Although prolific in our modern day Aikido community, Dan ranking based on donations rather than earned merit can be found throughout the history of Aikido in Japan. Even at the time of the Founder, many of the students who obtained a 10th Dan- (10th degree black belt) ranking were wealthy local landowners or their sons. Some of them even achieved the highest level of rank of 10th Dan by the age of 50. This practice is still prevalent in Japan today and many local prefecture branch leaders are wealthy people that can afford to pay for this honor. It is still true that it is very difficult to have a relationship with Aikikai if you don’t have the money to pay for it.
I remember one senior Hombu Shihan telling me, “I never worry about sake and beer in the summertime or fresh fish too, which is delivered directly to my house.” If this were the government, people would lose their jobs for accepting bribes. Many of the shibucho (local branch leaders) still today in Japan, earned their rank and titles through the power of their money.
“Do Not Teach Budo, If You Are Worried About Your Komebitsu” is a very important message given to us by the Founder. Teaching as a livelihood can be a double edged sword that all instructors must think about. Not having alternative means for financial stability can cause hardships and degrade the purest of intentions. Having the money and using it to abuse the system of rank and power can be just as bad.
Some Aikido instructors write to me because they want to become independent from the organization they are affiliated with. They are tired of paying all of the dues and fees that are required of them or they want to follow their own path without all of the rules and regulations. If any of these instructors are interested in making these changes because they want to make money for themselves through their dojos, there is no advice that I can offer.
I run my own independent dojo and I have not taken a salary from the dojo for over 25 years. Currently all of the income generated at Nippon Kan is used strictly to manage the dojo and support AHAN activities in Denver and around the world. There have many times, especially in the old days that we struggled to make ends meet at all.
My philosophy for maintaining a dojo is built on my own personal, ethical guidelines. I always pay my own way and always take care of the bill at restaurants. I do not accept personal gifts from students and even decline private invitations. Keeping a little distance is part of my commitment to keeping my dojo independent and a principal that I do not waver from.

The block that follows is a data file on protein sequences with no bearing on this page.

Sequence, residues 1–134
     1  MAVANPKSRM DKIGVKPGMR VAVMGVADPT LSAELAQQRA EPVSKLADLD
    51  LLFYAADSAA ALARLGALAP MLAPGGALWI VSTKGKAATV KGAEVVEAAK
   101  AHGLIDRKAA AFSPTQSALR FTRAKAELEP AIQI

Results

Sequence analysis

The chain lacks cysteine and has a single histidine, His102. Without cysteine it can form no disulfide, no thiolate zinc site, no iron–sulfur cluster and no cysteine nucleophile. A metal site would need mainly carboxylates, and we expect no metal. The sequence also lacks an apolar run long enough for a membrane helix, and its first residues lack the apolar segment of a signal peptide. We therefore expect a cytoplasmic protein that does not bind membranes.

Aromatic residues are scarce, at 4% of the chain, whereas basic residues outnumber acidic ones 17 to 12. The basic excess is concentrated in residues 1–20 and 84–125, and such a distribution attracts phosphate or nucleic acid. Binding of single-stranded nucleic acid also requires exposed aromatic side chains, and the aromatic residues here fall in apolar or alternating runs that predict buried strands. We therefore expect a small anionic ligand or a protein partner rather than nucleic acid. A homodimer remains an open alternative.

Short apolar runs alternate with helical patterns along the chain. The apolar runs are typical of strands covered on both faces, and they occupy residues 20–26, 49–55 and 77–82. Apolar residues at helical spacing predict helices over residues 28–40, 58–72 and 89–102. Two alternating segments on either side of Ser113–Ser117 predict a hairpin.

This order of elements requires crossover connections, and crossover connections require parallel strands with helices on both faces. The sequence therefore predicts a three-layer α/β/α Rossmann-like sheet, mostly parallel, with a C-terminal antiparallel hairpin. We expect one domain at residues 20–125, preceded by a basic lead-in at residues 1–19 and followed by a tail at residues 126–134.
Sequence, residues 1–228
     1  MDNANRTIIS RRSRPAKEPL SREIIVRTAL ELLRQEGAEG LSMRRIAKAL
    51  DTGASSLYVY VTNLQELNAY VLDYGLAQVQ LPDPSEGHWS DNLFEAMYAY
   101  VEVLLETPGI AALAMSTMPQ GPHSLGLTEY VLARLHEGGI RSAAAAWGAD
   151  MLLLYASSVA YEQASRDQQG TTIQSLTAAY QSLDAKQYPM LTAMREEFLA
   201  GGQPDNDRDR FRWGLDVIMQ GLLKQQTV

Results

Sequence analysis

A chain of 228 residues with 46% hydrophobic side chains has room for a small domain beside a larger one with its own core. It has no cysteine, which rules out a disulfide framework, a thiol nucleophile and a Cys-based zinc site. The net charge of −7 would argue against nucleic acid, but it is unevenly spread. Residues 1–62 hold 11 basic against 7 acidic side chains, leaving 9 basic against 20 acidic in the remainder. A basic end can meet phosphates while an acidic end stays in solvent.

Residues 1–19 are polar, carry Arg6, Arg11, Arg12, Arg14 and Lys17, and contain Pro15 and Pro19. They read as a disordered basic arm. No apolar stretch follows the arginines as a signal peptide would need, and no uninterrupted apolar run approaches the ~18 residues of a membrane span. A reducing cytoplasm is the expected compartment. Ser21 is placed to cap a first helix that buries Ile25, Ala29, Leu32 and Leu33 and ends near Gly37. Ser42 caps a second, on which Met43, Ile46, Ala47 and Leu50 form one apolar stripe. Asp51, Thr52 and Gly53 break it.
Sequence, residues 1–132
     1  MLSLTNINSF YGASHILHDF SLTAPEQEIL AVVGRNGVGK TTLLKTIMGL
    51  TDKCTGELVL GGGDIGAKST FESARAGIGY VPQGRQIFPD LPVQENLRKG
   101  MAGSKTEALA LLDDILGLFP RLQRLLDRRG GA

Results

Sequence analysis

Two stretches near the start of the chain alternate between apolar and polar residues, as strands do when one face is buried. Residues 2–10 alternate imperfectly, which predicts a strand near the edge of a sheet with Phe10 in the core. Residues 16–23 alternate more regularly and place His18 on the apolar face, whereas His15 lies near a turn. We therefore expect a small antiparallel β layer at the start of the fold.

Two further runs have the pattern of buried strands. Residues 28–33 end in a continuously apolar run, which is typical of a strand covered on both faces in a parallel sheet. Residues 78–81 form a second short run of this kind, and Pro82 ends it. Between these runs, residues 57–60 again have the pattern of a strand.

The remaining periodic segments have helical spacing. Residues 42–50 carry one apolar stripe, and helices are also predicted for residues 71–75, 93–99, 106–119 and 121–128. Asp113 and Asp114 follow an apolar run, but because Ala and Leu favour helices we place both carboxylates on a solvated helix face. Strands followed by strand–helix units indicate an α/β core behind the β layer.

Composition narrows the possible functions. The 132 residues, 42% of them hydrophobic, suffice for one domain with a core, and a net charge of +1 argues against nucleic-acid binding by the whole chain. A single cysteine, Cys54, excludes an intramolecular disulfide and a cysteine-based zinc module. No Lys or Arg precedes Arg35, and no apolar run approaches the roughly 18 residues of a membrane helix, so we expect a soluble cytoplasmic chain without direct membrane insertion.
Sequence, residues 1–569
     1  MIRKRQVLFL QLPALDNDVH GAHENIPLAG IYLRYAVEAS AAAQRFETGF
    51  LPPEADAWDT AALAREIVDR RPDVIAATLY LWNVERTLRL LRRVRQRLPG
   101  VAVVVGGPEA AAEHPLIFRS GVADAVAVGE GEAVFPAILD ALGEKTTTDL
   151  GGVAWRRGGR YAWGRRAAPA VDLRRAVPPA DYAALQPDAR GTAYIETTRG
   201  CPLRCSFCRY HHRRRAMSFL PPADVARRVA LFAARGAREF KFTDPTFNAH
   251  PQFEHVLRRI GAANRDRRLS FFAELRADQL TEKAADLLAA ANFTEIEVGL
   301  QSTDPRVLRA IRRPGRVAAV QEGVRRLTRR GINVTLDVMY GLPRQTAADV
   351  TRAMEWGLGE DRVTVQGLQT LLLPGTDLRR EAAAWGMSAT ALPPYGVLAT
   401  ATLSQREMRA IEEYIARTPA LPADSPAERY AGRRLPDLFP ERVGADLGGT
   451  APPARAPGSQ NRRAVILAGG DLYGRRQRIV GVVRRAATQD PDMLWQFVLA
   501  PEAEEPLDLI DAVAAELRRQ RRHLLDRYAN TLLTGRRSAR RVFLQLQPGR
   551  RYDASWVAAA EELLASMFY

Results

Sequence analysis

At my dojo, I do not charge for examinations or receive personal donations for promotions. I also discourage students from becoming involved in large business deals together outside of the dojo. It is destructive for anyone to use the dojo as a market place for private business dealings.
Some people do not understand my philosophy towards keeping my dojo independent or why I do not seek to curry favor with others or operate my dojo with the intention for financial gains. This dojo is a place for my training and my practice and I do understand that my philosophy will not be understood by everyone. This however in my experience is the way to keep an independent dojo on a long term basis.
I am sometimes viewed as an outlaw, but I am not tied to any organization and am not bound by any hierarchical obligation. I never pressure my own students for money and I am not dependent on them for my livelihood. I began Nippon Kan by myself and have never received support from any large organization. I started from zero and have built from the ground up an operation that is self sufficient.
To succeed as an independent dojo takes discipline and vision. It takes discipline inside the dojo and generous outreach outside the dojo. The activities of AHAN are Nippon Kan’s outreach to the world outside. Our practice is the discipline inside.
I have no regrets. Through AHAN we contribute to society. Through our own supporting operations we are able to sustain and manage our organization and I am proud of our policies at Nippon Kan; the dojo that I began by myself and have grown without the help of any other organizations.
Anyone who is really interested in seeing how our independent dojo operates is always welcome to come to Nippon Kan. Your affiliation or style does not matter to me; everyone is welcome.
I seek the ideal of a dojo that contributes to society through Aikido. This is my practice. This month I will pass the milestone of 50 years of practice in the art of Aikido. For those who care to listen to what I have to share, I offer my ideas and the experience I have gained through my own lifetime of practice.
Nippon Kan Kancho
May 28th, 2014